DESCRIPTION OF THE DRAWINGS

The invention is pointed out with particularity in the appended claims. The drawings are not necessarily to scale, emphasis instead generally being placed upon illustrating the principles of the invention. The advantages of the invention can be better understood by reference to the description taken in conjunction with the accompanying drawings, in which:

FIGS. 1 and 2 are graphical representations of dimension change versus temperature for ethylene vinyl acetate and ethylene ethyl acetate, respectively;

FIGS. 3A and 3B are a plan view and a cross-sectional side view taken along line B—B, respectively, of an exemplary circuit element formed in accordance with the present invention;

FIGS. 4A and 4B are a plan view and a cross-sectional side view taken along line B—B, respectively, of another exemplary circuit element formed in accordance with the present invention;

FIG. 5 is a schematic representation of an exemplary method of forming a circuit element of the present invention; and

FIG. 6 is another schematic representation of another exemplary method of forming a circuit element of the present invention.

Like reference characters in the respective drawn figures indicate corresponding parts.

DETAILED DESCRIPTION OF THE INVENTION

Disclosed herein are circuit elements that include at least one conductive trace and methods of their manufacture. One aspect of the present invention is directed to a circuit element including a thermoplastic substrate and a conductive trace at least partially embedded in the thermoplastic substrate.

A thermoplastic substrate is a substrate that becomes plastic, i.e., it becomes viscous or flows, when exposed to thermal energy. The softening temperature (Ts) of a thermoplastic layer is the temperature at which the thermoplastic substrate becomes plastic or softens. The softening temperature often can be qualitatively determined by routine optical inspection of the thermoplastic substrate at different temperatures. For some thermoplastic substrates, the softening temperature is the temperature at which the thermoplastic substrate changes from an opaque or cloudy layer to a translucent layer. An alternative method of determining softening temperature is to dispose a plurality of thermoplastic substrates adjacent to paper layers and send each through a laminator set at increasingly higher temperatures. At about the softening temperature, the thermoplastic substrate will adhere to the paper.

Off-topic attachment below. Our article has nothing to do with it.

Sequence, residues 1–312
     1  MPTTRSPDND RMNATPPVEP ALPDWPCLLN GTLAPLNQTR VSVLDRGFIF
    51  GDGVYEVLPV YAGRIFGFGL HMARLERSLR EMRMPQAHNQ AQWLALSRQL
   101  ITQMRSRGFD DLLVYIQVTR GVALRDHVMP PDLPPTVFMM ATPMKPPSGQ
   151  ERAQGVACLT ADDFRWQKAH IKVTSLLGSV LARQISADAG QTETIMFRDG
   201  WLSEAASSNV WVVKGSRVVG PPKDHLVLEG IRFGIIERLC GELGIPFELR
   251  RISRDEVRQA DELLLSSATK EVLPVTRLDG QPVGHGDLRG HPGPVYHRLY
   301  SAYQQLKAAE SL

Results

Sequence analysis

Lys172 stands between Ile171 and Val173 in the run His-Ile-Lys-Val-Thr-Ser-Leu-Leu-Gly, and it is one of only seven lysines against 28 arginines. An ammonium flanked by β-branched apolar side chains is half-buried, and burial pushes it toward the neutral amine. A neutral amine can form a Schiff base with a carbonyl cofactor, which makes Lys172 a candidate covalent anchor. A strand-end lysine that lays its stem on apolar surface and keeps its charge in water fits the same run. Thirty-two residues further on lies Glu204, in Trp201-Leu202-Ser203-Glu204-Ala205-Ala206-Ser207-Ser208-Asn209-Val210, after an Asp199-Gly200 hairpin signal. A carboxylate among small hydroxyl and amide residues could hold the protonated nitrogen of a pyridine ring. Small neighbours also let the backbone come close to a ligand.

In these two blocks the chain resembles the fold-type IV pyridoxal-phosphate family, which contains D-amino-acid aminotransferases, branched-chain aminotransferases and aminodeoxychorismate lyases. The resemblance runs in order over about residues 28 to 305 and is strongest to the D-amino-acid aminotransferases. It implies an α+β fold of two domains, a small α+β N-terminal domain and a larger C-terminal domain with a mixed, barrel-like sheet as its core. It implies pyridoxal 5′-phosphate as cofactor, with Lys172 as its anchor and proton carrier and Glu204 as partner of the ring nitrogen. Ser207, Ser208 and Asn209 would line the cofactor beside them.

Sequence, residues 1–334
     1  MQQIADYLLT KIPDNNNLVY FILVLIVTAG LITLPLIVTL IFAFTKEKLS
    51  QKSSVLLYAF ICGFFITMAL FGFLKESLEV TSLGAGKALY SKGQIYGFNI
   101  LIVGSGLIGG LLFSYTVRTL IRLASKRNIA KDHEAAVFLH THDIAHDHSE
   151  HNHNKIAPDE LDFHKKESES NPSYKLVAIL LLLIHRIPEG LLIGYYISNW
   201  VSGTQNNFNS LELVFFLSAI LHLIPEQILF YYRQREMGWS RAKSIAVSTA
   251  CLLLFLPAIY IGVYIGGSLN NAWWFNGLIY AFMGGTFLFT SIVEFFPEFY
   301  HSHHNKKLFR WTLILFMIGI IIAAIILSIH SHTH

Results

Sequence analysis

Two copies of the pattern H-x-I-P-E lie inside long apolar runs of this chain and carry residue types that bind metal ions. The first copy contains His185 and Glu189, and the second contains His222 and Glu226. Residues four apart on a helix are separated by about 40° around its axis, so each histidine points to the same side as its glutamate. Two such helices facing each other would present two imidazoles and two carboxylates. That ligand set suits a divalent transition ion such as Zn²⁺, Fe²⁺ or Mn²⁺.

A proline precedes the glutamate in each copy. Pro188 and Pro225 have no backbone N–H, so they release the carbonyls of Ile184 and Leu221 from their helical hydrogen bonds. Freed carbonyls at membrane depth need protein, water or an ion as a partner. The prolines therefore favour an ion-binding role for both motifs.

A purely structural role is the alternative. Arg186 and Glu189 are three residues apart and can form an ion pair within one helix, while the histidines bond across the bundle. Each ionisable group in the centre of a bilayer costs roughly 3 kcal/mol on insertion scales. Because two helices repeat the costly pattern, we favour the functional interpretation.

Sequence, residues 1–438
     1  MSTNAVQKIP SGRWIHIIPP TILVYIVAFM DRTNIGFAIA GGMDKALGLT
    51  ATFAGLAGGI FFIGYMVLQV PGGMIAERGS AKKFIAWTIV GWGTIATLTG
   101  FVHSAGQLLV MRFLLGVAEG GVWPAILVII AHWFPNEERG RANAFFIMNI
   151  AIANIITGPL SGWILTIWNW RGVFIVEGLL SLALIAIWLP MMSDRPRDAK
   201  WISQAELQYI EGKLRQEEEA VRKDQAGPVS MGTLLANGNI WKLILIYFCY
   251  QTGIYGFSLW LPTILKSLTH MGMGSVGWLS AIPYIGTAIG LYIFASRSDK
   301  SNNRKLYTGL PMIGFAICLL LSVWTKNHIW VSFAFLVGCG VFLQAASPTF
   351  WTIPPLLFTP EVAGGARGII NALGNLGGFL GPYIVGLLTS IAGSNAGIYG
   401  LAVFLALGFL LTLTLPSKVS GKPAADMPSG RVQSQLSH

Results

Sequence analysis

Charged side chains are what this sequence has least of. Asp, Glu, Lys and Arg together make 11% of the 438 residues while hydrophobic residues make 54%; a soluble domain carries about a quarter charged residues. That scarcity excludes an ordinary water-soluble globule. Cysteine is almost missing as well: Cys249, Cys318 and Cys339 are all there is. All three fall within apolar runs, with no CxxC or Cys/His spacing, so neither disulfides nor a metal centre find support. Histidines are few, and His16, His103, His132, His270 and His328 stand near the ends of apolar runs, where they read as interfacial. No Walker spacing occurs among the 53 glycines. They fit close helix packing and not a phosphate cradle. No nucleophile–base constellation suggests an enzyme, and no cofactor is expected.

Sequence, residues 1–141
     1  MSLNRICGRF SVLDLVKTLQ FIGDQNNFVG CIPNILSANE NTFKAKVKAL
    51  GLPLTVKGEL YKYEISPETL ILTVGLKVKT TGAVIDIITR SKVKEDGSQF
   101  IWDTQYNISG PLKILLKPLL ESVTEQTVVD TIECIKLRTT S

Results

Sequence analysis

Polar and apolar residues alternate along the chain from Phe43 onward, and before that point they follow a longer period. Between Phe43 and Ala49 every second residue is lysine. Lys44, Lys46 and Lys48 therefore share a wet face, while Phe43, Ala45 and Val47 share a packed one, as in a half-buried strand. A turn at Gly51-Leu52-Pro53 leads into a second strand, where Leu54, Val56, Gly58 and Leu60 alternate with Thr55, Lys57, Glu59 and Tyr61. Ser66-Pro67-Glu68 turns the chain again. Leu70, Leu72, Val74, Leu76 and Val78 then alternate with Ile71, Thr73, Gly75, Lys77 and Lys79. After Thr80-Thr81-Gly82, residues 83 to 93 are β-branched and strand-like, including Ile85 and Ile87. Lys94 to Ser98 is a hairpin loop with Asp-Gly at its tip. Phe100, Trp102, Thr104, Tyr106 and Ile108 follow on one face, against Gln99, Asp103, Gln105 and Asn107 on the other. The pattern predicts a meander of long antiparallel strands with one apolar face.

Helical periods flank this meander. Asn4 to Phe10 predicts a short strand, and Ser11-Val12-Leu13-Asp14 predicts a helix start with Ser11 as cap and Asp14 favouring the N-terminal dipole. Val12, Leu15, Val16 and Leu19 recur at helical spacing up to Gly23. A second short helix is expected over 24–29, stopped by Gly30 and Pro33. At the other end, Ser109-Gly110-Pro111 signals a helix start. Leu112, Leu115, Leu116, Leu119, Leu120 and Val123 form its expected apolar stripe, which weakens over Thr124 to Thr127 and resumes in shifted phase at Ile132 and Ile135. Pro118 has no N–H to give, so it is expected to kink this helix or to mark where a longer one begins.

Another way to determine softening temperature is to run a softening point test or thermogram for the thermoplastic polymer. A thermogram is a thermomechanical analysis of a substance that measures the deformation or dimension change of the substance as a function of temperature in a controlled atmosphere. The point at which the dimension change precipitously drops is the softening temperature. Examples of the results of such a test run on a Dupont MTA Thermomechanical (TMA) Analyzer by Chemir/Polytech Laboratories, Inc. (Maryland Heights, Mo.), are depicted in FIGS. 1 and 2. FIGS. 1 and 2 are graphical representations of dimension change versus temperature for ethylene vinyl acetate and ethylene ethyl acetate, respectively, from about 25° C. to about 150° C. where the temperature was increased 5° C. per minute. FIGS. 1 and 2 show the dimension change in micrometers from 70° C. to 120° C. FIG. 1 shows that the ethylene vinyl acetate began to deform at about 88° C., was substantially melted at about 105° C., and has a softening temperature of about 96° C. FIG. 2 shows that the ethylene ethyl acetate began to deform at about 86° C., was substantially melted at about 111° C., and has a softening temperature of about 98° C.

A conductive trace is any conductive path. Conductive traces include, but are not limited to, circuit board traces, touch pad elements, RFID tags, and printed resistors and capacitors. The conductive traces of the present invention can be conductive enough to carry current or they can be sufficiently conductive to carry or transmit a signal, such as for use as a touch pad element. The conductive traces of the present invention can be sufficiently conductive to facilitate electrolytic plating, if additional conductivity is desired.

The conductive traces are embedded in the thermoplastic layer such that they interrupt or breach the surface of the thermoplastic layer versus merely being disposed on the surface of the thermoplastic layer. Thus, the conductive traces become an integral part of the circuit element. When the terms “embedded” or “embedding” are used, these terms mean “at least partially embedded” or “at least partially embedding,” respectively, if not otherwise indicated. This is accomplished at least in part by heating the thermoplastic layer to above about its softening temperature at least around the trace. The thermoplastic layer can be heated locally, e.g., with induction heating. Alternatively, the thermoplastic substrate can be heated globally, e.g., with an oven.

FIGS. 3A and 3B are a plan view and a cross-sectional side view taken along line B—B, respectively, of an exemplary circuit element formed in accordance with the present invention. In general overview, the circuit element 100 includes a thermoplastic substrate 110, a second substrate 130, and a conductive trace 120 at least partially embedded in the thermoplastic substrate 110. In FIGS. 3A and 3B, an RFID tag is depicted, however, any conductive trace design can printed.